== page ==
The Ghanaian currency (cedi) persistent decline in terms of value against major trading currencies like the US Dollar, Euros and the Pound Sterling continues unabated. Ranked as one the poorest performing currencies globally for the most part of the year 2022, the Ghana Cedi’s depreciation is seen as one of the major causal factors for the rise in inflation. The Ghanaian economy remains largely an import-driven economy though attempts are being made to change the narrative. The current government’s support for an industrial revolution through its flagship programs such as the ‘one-district-one factory’ 4, automobile manufacturing concessions, and the ‘planting for food and jobs’ 5 are all geared toward local production and export. These measures are expected to reduce significantly the importation of goods and services that can be locally produced whilst increasing the production of exportable products in Ghana. By this, the country is expected to reduce demand for foreign currencies for imports thereby reducing the pressure on the Cedi. Unfortunately, post-COVID, Ghanaians are seeing the worsening depreciation of the Cedi which in effect is affecting all aspects of life in Ghana.

The Cedis’ continuous depreciation is greatly impacting the prices of general goods and services (which are normally imported). One hardest hit area linked to the depreciation of the cedi is the rise in the cost of fuel. The fuel price hikes, which the government is also blaming on the Russia-Ukraine war is having direct impact on the cost of transportation and commodities. Bloomberg describes the performance of the Cedi this year as the worse performing African currency after the Zimbabwe Dollar. Analysis from the leading business and financial data, news and insight agency put the percentage depreciation of the Ghana Cedi at 18% with projections of further depreciation as the months go by this year 6.

Ghana's cedi is near a record low

Ghana’s cedi is near a record low


Ghana’s Debt to GDP Ratio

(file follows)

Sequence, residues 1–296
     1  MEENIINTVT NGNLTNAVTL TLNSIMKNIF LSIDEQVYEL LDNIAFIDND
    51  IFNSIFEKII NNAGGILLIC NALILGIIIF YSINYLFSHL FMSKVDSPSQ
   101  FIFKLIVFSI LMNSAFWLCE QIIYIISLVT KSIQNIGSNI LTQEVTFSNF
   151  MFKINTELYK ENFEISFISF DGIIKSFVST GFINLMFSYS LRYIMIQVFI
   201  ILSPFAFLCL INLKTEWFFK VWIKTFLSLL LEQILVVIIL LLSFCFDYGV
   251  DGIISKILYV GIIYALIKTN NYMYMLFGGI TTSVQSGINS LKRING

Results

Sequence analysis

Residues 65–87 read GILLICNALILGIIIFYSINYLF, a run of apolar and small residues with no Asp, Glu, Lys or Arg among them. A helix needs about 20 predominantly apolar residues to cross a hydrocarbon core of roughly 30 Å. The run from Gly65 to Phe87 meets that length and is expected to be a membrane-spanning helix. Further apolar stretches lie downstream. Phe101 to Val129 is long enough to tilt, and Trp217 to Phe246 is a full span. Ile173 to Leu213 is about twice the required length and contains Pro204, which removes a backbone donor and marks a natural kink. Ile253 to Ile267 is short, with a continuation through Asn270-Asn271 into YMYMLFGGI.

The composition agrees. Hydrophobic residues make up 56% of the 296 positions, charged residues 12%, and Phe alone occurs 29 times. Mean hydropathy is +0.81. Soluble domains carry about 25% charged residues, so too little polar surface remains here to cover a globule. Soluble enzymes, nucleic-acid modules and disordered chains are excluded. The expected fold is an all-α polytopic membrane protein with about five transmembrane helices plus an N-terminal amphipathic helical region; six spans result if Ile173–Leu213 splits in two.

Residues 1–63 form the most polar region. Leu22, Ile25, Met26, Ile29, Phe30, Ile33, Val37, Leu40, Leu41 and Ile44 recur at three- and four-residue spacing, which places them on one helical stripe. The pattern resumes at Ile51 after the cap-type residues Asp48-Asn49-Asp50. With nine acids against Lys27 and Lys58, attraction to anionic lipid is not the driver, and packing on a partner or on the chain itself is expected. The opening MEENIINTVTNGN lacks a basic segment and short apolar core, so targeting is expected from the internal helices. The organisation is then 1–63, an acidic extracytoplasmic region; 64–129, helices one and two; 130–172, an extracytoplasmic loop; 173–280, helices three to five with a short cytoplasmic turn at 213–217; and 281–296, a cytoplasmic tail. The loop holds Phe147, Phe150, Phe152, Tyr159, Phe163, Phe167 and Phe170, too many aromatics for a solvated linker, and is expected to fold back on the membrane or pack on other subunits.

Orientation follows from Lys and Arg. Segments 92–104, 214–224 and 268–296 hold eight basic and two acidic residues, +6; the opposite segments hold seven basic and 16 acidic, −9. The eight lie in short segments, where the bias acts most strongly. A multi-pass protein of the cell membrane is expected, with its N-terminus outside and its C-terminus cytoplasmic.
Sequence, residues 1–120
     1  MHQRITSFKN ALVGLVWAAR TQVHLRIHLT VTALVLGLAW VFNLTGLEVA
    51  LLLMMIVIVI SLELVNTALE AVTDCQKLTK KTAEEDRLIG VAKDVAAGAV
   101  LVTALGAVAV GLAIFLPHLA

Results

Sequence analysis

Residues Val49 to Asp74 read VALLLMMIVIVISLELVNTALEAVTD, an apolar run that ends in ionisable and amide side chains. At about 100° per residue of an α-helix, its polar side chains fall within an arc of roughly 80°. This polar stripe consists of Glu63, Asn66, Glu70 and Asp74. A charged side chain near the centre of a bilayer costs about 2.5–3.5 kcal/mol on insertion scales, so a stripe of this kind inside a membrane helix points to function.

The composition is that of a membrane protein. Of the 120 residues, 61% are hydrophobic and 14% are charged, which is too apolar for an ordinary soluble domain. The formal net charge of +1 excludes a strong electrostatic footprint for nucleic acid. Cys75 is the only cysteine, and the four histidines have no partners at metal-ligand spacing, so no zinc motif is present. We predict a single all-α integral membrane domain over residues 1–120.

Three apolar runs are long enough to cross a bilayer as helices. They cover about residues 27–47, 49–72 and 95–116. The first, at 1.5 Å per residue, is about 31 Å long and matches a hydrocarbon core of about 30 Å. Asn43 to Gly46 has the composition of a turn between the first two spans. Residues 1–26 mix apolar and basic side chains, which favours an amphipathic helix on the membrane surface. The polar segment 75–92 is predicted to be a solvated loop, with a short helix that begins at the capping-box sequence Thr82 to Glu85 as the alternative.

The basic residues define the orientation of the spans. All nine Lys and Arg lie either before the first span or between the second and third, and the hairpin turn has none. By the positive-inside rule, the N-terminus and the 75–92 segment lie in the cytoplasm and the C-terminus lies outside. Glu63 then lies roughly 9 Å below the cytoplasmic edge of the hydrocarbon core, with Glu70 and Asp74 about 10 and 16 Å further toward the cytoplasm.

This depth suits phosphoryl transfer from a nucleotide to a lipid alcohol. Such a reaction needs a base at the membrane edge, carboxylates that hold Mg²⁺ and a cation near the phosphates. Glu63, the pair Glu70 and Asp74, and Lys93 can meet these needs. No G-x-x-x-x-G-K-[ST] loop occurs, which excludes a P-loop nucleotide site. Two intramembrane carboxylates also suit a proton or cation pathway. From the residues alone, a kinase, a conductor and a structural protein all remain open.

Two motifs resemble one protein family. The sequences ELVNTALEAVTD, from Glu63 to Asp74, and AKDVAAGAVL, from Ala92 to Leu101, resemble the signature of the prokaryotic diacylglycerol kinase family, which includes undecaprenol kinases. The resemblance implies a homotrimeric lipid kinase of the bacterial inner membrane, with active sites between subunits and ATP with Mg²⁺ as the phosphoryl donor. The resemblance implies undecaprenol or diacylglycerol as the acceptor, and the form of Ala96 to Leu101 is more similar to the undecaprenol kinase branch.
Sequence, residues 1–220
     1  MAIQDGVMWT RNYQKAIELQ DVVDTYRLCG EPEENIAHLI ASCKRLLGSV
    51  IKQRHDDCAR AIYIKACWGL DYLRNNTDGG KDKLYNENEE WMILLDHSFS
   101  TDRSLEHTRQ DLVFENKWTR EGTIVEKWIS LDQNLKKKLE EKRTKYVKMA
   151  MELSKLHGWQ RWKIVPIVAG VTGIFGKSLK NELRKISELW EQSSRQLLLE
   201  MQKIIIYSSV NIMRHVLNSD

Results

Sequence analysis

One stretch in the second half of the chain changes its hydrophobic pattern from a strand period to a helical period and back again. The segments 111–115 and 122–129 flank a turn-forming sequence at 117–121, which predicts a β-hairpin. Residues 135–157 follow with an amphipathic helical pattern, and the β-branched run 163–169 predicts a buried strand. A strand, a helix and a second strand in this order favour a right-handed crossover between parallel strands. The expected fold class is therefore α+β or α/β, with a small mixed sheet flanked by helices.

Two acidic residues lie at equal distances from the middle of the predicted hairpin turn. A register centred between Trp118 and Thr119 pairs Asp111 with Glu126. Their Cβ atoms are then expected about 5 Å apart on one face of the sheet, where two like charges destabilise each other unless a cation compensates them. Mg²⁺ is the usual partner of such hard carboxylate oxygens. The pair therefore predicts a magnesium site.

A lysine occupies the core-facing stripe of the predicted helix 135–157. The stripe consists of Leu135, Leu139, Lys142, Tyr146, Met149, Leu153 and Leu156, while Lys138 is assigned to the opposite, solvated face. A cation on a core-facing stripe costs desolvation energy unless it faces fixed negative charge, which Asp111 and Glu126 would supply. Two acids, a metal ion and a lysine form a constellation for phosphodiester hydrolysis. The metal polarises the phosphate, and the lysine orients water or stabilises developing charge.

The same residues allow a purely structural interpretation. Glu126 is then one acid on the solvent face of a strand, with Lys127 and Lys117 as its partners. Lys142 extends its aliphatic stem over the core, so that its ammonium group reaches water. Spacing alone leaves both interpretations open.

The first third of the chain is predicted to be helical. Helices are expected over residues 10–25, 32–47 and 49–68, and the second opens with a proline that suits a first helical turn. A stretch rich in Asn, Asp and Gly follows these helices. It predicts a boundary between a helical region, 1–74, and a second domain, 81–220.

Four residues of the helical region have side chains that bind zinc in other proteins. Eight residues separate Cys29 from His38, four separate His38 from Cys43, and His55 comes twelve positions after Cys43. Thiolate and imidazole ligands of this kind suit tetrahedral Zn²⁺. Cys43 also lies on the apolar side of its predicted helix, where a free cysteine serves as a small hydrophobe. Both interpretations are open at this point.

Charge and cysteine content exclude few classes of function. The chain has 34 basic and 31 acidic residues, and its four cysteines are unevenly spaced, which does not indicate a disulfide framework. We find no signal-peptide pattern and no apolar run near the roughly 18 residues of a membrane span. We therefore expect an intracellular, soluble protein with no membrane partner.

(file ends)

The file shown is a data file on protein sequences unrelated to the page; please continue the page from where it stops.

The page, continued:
Another area of concern in the analysis of Ghana’s current state of the economy has to do with the country’s rising debt stock. Ghana’s public debt stock remarkably shot up by ¢40.1 billion to ¢391.9 billion as of the end of March 2022, the Summary of Economic and Financial Data by the Bank of Ghana has revealed (GoG, 2022). This significant rise, the managers of the economy blame partly on COVID 19 related expenditures. The IMF for instance has forecast Ghana’s debt to GDP ratio to hit 84.6% by the end of 2022. Some observers have described it as unsustainable and even in some cases branded the country as a debt-distressed nation. It is feared that the situation may discourage investors who may fear the inability of the West African nation to honor its maturing debts. This situation resulted in attempts by the GoG to attempt to use an inward-looking approach to raise needed funds for its operations. One such attempt is the introduction of the electronic levy (popularly referred to as the Momo tax or E-levy). The E-levy which was fiercely resisted by sections of the population but finally passed by the government is a 1.5 percentage levy on all electronic financial transactions. Unfortunately, a few months into its passage, revelations are emerging that the tax is currently raking in just 10% of its anticipated revenue to the government. This latest revelation many believe is one of the main reasons why the GoG has finally applied for liquidity support from the Bretton Woods Institution.